11 Things To Do In And Around Florence

11 Things To Do In And Around Florence

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11 things to do in and around Florence, including a bit in the city and a few great day trips you can take from Florence.

Explore The Historical Centre of Florence

As lame as it sounds, the historical centre of Florence honestly feels like something out of a fairytale.   The architecture is amazing.  It’s well worth a full day just wandering and exploring, and of course stopping off for a gelato or two along the way.  Be sure to visit the Piazza Del Duomo, Piazza Della Repubblica and Piazza Della Signoria.

  • Tip:  Hire a bike for the day.  You can see a lot more, and it’s great fun cycling around the city


Piazza Del Duomo. @Wikimedia Commons


Visit Piazzale Michelangelo

For the best views of the city, head to Piazzale Michelangelo. It’s a bit of an uphill hike (and even harder if you’ve hired a bike), but the views are worth it. It’s stunning.

Do The Florence Free Walking Tour

A good way to get your bearings in the city and find out a little more about its history is to do a free walking tour.  These tours are tip based, meaning you don’t pay anything upfront, and at the end just give the guide a tip based on how much you think the tour was worth.

Florence Free Tour run two tours daily – a Renaissance Tour and a Medici Tour.  Check out their website for more details.

Visit The Uffizi Gallery

One of the largest and most famous museums in the world, the Uffizi Gallery holds a huge collection that’s mainly renaissance art.  You can find works from all of the major Italian renaissance artists, including Michelangelo, Leonardo Da Vinci, Raffaello, Botticelli and many more.

The museum is one of the most visited in the world, meaning it’s always super busy.  You can book your ticket online, which does help with waiting times.  Do this either through the official website, or an official ticket reseller.  Tickets cost around €17.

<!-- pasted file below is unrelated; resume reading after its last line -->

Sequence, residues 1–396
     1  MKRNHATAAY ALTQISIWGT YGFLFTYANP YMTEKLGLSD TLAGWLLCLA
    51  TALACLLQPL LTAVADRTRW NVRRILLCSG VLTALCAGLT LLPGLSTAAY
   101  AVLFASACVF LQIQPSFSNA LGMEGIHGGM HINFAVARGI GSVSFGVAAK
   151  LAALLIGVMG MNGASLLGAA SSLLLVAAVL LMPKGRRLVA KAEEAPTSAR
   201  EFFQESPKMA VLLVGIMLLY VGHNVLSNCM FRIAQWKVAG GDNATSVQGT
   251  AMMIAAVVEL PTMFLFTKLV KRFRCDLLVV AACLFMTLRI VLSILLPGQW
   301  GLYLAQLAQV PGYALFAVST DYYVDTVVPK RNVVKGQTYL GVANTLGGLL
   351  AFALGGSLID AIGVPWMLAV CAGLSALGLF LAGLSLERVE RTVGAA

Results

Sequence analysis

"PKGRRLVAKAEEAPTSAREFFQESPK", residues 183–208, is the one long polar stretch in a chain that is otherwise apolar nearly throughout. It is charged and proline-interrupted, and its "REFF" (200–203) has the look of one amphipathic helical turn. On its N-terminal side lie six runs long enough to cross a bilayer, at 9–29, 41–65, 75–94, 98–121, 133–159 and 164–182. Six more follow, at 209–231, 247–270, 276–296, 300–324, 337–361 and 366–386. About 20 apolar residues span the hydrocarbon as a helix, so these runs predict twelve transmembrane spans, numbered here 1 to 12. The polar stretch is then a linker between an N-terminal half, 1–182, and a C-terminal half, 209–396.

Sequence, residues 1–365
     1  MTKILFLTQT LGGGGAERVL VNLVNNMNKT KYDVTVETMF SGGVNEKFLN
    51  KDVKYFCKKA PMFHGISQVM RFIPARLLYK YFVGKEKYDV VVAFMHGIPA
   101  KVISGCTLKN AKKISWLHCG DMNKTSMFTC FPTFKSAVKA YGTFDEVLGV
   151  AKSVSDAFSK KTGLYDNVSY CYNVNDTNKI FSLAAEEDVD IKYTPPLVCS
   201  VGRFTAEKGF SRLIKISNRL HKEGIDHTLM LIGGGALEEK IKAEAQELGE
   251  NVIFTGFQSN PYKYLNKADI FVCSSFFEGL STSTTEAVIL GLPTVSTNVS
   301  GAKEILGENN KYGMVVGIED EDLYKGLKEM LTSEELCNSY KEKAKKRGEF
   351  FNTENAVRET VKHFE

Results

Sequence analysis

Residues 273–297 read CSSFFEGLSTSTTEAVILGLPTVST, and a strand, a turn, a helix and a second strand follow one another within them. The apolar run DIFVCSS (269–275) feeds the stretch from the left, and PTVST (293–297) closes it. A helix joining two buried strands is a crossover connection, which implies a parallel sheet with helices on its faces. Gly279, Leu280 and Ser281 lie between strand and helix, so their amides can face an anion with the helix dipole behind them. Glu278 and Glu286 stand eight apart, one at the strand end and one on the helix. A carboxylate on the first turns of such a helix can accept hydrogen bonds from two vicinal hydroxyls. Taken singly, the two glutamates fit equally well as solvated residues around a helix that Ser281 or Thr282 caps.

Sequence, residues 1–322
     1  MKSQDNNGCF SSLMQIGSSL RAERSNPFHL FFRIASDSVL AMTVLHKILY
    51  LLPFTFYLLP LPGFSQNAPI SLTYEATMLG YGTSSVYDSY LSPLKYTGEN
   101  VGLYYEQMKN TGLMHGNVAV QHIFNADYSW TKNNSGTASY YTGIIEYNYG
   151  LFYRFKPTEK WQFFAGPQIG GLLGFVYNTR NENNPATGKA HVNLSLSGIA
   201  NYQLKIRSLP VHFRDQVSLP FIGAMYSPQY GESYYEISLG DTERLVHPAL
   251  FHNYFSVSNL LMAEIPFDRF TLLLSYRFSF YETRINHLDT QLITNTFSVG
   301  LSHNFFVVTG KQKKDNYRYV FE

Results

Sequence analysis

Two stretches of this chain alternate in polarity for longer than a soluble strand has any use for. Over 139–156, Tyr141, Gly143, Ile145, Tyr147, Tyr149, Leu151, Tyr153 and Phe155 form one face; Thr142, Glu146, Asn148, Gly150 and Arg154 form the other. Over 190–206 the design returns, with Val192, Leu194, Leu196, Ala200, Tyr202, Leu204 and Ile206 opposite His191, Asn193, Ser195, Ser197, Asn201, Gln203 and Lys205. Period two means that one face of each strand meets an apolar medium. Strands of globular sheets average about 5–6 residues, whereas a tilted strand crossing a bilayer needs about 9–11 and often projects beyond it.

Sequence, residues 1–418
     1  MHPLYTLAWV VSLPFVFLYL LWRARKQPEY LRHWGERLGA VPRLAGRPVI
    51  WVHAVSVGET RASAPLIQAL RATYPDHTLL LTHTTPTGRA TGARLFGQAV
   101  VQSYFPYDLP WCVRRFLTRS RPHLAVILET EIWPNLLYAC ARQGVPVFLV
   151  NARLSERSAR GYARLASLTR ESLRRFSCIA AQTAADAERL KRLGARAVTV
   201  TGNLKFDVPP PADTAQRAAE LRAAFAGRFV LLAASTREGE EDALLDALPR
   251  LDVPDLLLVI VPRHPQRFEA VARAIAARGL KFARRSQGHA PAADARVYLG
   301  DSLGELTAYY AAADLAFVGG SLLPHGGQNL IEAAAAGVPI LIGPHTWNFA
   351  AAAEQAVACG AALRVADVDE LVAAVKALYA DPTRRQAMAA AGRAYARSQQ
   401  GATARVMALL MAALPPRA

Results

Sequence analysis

You can also do a guided tour of the museum.  However, these cost about €50, so it’s only something to do if you’re really keen on learning more about all of the art there.

For more info on the museum, see either the official website, or go to uffizi.org, which is an unofficial site that has lots of great explainers and how to guides regarding the museum.

  • Tip: The museum is CLOSED on Mondays, so keep that in mind when planning your visit.

Il Duomo

The Cathedral in Florence, the Cattedrale di Santa Maria del Fiore, or Il Duomo.  This cathedral was one of our highlights when visiting Florence.  The only problem that we had with it was trying to get a picture – it’s tough to get everything in the frame…

Construction on the cathedral started in 1296, and was completed in 1436. The famous dome was designed and completed by Italian Renaissance architect Filippo Brunelleschi.  When it was constructed, the dome was the largest anywhere in the world.

The cathedral is located in Piazza del Duomo.  Entrance is free but there are usually quite long lines. If you want to go up to the dome, you have to pay a fee €15.

  • Tip:  We thought the best part of Il Duomo was just admiring it from the outside, so don’t be too stressed if there are long lines and you don’t get a chance to look inside.

Check Out The Ponte Vecchio

The Ponte Vecchio is a Medieval stone bridge that passes over the Arno River. The bridge has been in place for centuries – the first known mention of it was in 996. It’s been destroyed and rebuilt various times since then.

An interesting fact about the bridge: During World War Two, the Nazis, when retreating from Florence, destroyed all the other bridges in the city, but left the Ponte Vecchio intact.  Allegedly, they did this on direct order from Hitler.  We’re not entirely sure how true that last bit is, but they certainly left the bridge alone while destroying all the others.

Take A Day Trip To Pisa

Pisa is a city in Tuscany, Italy, with a population of 100,000 people. The city is of course most famous for its tower, the Leaning Tower of Pisa. The tower was constructed between 1173 and 1372. It was built on soft ground, and with poor foundations, causing it to lean. The lean began during construction, and gradually worsened over time.

The tower leans at 3.97 degrees now, but at it’s most has had a lean of up to 5.5 degrees (before restorations throughout the 20th century).